We recently reported on a new analytical framework created by the Massachusetts Supreme Judicial Court in the case of Smith v. City of Westfield for conducting analyses to determine whether Article 97 state constitutional protections will apply to restrict the development of land held for conservation and natural resource protection purposes. In the first judicial decision to apply this Article 97 guidance, the Massachusetts Land Court has held that a property conveyed to a town “for the purposes of protection of water resources and other compatible purposes including conservation a recreation” was not protected land under Article 97 and therefore could be leased to install a solar facility. Mirkovic v. Guercio, 2017 WL 4681972 (Mass. Land Court, Oct. 18, 2017).
In 1988, a Special Town Meeting in the Town of Shirley, Massachusetts voted to authorize the acquisition of land “which parcel shall be used by the Town for protection of water resources and other compatable (sic) purposes, including conservation and recreation.” In 1990, the Town of Shirley acquired the parcel (the Property) under a deed that provided the land was being conveyed to the Town “for purposes of protection of water resources and other compatible purposes including conservation and recreation as approved and authorized by the voters of the Town of Shirley… .”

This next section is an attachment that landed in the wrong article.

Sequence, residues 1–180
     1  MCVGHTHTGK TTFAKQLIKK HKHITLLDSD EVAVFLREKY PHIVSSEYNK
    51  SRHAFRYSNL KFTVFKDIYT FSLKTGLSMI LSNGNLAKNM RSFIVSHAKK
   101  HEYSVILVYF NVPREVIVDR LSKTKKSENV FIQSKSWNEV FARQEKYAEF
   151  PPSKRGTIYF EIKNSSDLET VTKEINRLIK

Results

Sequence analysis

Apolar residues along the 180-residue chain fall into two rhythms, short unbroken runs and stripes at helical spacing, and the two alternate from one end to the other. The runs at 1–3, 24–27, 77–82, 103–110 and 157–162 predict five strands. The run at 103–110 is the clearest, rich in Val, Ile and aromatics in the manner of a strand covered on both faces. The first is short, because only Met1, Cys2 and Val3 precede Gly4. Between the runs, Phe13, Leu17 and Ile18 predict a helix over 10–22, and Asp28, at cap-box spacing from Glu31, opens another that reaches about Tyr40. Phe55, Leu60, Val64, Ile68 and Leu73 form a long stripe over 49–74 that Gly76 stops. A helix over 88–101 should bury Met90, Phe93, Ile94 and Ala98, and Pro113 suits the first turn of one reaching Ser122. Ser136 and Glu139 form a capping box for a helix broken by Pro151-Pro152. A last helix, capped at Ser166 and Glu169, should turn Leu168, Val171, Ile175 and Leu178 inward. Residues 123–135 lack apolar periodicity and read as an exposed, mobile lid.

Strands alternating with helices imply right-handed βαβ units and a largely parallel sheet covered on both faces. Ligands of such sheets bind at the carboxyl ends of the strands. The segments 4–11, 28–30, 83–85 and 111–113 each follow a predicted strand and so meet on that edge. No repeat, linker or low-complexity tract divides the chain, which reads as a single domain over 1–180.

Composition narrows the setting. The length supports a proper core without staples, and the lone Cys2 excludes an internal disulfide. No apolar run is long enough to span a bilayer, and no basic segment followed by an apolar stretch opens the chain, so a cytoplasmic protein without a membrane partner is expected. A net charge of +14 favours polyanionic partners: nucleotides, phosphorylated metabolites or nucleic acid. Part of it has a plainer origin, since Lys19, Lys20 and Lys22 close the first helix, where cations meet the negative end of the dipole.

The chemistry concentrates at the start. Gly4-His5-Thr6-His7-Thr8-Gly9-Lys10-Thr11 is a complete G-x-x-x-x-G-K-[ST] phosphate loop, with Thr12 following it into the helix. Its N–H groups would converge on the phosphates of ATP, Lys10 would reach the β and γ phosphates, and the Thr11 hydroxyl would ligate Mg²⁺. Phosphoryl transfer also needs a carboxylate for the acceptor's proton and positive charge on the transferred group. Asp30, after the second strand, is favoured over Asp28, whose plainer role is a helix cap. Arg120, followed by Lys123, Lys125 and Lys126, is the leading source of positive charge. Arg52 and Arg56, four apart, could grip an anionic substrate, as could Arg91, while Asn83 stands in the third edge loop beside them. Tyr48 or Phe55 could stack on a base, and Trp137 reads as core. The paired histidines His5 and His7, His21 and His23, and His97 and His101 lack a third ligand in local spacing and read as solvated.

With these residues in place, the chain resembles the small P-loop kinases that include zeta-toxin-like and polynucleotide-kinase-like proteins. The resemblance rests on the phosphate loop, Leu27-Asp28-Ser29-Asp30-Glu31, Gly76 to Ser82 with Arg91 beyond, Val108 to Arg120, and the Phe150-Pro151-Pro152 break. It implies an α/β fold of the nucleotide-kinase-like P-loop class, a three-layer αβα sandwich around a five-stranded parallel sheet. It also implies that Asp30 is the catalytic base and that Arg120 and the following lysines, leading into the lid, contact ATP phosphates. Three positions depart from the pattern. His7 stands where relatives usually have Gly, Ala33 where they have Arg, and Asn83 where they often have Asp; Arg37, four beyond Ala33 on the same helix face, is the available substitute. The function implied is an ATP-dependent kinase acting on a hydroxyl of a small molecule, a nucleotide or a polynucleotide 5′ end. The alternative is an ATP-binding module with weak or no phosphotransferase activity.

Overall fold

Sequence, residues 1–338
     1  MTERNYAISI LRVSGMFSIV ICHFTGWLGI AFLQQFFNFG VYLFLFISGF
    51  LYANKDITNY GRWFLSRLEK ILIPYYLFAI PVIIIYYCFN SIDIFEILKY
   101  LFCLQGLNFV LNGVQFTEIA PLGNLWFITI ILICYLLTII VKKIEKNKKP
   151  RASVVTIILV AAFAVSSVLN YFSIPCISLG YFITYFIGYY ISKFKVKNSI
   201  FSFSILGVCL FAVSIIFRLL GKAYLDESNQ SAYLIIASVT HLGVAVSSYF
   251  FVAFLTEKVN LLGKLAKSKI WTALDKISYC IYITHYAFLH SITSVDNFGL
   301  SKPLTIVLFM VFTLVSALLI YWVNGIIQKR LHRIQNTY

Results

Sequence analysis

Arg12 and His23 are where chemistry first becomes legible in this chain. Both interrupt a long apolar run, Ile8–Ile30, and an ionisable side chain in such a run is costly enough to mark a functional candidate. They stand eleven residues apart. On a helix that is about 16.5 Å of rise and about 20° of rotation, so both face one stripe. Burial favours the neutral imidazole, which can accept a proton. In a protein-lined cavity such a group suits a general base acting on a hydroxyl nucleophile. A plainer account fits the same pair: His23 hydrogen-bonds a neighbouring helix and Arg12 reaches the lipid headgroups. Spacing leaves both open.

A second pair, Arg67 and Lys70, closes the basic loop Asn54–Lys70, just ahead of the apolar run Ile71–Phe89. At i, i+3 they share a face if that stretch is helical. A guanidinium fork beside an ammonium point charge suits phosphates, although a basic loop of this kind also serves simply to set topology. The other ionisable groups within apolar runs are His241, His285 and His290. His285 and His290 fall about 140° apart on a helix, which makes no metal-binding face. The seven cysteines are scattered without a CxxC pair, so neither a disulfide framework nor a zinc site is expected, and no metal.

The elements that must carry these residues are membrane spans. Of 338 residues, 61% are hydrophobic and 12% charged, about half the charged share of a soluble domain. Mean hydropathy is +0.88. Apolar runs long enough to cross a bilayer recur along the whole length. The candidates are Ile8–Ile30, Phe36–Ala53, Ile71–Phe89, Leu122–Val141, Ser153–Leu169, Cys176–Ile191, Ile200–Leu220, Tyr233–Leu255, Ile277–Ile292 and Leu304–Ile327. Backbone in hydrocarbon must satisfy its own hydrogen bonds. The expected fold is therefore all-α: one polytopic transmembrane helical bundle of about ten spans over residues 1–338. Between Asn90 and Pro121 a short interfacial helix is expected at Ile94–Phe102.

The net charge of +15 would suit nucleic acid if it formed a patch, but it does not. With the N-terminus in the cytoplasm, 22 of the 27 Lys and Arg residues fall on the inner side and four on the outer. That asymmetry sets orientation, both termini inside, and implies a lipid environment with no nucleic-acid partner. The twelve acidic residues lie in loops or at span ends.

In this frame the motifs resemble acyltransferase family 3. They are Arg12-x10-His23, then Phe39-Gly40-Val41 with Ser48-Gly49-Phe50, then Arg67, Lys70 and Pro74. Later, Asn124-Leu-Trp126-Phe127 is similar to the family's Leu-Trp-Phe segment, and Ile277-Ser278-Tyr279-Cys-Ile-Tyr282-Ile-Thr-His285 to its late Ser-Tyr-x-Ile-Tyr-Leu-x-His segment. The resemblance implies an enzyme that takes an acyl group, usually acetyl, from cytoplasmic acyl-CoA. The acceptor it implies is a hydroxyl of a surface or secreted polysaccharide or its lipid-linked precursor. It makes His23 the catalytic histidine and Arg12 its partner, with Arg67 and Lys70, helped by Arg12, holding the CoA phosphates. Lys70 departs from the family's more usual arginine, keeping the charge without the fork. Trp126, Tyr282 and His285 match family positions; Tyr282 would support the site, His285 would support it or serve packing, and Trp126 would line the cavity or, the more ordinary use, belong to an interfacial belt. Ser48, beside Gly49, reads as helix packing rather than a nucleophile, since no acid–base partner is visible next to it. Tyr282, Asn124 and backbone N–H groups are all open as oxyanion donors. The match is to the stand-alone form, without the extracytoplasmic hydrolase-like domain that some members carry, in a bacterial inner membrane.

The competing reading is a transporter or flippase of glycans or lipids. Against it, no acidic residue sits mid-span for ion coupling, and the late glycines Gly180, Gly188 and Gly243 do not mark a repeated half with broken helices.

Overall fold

In 2015, the Town’s Planning Board granted site plan approval and a special permit to SolarCity for the construction and operation of a solar energy generating facility on a section of the Property. SolarCity thereafter entered into an agreement with the Town to lease the project site on the Property, and the Drinking Water Program of the Massachusetts Department of Environmental Protection issued an approval for the project. A group of residents of the Town appealed the Planning Board’s site plan approval to the Zoning Board of Appeals (ZBA), which denied the residents’ petition to reverse the Planning Board’s decision. The plaintiffs then appealed to the Land Court, arguing that the Town had acquired the property for purposes protected under Article 97 and that the ZBA had exceeded its authority by authorizing the disposition of the public’s rights in the Property without a vote of two-thirds of both branches of the Massachusetts Legislature, which is required if property is subject to Article 97 protections.